Amount of Uninsured Americans Dropped in 2020 - Despite the Number of Insurance Barriers

Almost 21% of adults were uninsured in states that failed to expand Medicaid, compared to about 10% of adults in expansion states.

Despite the job losses spurred by the COVID-19 pandemic, the number of uninsured Americans dropped in 2020 when compared to 2019, according to the Centers for Disease Control and Prevention.

Last year, 31.6 million people, or 9.7% of the population, had no insurance. In 2019, 33.2 million people, or 10.3% of the population, were uninsured.

Adults between the ages of 18 and 64 were most likely to be uninsured, with almost 14% having no insurance in 2020. That compares to about 5% of children with no insurance, and less than 1% of seniors who were uninsured.

For adults aged 18 to 64, private insurance coverage actually ticked up, from 66.8% in 2019 to 67.5% in 2020. Public coverage remained flat, going from 20.4% in 2019 to 20.5% last year.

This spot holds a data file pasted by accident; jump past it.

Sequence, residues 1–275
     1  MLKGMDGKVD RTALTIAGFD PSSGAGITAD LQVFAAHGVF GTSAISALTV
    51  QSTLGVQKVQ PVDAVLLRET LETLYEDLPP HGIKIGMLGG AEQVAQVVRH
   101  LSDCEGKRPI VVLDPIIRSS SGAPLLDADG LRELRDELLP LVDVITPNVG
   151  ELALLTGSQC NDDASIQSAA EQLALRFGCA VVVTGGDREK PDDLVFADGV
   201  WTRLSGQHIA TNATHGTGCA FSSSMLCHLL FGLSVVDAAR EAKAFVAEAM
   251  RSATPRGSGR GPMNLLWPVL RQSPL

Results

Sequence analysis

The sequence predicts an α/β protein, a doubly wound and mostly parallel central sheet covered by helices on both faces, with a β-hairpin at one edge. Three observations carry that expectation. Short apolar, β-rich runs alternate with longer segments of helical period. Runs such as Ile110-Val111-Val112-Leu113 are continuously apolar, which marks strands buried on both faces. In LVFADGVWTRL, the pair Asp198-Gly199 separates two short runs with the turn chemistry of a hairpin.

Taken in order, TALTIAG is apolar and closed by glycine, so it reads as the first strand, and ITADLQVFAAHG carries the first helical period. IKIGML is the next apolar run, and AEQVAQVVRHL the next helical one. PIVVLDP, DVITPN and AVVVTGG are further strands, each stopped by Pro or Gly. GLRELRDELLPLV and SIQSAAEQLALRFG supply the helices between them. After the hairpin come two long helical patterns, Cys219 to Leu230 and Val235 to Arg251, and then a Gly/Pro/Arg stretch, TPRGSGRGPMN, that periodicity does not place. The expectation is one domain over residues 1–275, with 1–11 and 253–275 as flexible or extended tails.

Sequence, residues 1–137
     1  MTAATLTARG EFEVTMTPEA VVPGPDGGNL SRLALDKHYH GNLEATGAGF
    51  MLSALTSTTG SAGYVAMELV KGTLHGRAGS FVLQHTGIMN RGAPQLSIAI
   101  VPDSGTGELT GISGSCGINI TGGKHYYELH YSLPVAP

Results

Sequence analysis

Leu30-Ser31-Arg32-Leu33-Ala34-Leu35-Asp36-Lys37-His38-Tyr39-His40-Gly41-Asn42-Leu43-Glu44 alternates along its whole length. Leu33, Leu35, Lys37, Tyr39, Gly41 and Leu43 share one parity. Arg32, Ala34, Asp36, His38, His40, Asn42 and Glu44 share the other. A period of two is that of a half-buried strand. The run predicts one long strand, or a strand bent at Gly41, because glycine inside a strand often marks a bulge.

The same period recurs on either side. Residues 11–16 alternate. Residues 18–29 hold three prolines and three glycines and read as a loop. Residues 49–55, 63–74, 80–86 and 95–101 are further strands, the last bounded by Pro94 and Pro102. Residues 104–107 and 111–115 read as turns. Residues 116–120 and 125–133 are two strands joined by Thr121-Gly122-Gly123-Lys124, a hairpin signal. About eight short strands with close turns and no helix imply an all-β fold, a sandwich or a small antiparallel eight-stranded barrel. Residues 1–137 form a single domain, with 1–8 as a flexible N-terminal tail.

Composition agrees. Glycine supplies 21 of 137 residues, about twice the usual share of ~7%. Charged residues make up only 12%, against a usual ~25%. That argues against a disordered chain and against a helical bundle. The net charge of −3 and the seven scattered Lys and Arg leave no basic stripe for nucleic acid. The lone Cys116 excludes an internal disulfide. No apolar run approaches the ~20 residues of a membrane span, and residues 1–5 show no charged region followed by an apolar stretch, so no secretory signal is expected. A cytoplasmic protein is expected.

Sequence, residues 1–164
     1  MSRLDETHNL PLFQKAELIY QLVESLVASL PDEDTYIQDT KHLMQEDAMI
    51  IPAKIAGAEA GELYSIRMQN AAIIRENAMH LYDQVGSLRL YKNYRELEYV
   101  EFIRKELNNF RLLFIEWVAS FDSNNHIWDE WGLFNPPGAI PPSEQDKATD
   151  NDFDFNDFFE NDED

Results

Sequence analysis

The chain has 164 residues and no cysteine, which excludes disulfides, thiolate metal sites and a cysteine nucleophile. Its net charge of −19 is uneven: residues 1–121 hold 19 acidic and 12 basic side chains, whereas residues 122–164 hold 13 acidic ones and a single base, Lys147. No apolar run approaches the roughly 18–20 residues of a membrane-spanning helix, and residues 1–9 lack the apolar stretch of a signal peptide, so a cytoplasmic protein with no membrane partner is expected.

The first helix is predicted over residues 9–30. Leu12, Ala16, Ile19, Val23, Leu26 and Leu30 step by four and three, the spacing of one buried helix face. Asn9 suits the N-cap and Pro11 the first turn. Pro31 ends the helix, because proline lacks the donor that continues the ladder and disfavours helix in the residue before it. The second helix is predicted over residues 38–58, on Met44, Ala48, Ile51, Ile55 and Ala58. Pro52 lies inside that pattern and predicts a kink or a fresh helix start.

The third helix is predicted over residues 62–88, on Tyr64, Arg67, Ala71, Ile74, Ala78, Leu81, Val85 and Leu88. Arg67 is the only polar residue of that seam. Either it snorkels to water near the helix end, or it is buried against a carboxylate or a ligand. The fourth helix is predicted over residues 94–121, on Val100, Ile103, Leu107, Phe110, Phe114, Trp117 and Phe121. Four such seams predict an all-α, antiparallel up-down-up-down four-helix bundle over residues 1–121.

But differences in uninsured rates were dramatic between states that have expanded Medicaid and those that have not.

Almost 21% of adults were uninsured in states that failed to expand Medicaid, compared to about 10% of adults in expansion states.

Those in non-expansion states were also less likely to have private health insurance coverage. In expansion states, more than 69% of adults had private insurance, compared to more than 64% in non-expansion states.

About 8.6 million adults obtained private health insurance through the federal or state-run health exchanges set up under the Affordable Care Act.

Differences in insurance coverage were stark when examined by race. Nearly 30% of Hispanic adults and almost 15% of blacks had no insurance. That compares to about 9% of non-Hispanic whites and Asians.

The COVID-19 pandemic has shone a spotlight on racial and ethnic disparities. Blacks and Hispanics are 2.8 times more likely than whites to be hospitalized because of COVID-19, according to the CDC. Blacks are twice as likely to die from the virus, and Hispanics are 2.3 times more likely to die.

Social determinants of health such as access to healthcare, socioeconomic status and occupation all can play a role in health outcomes after exposure to COVID-19.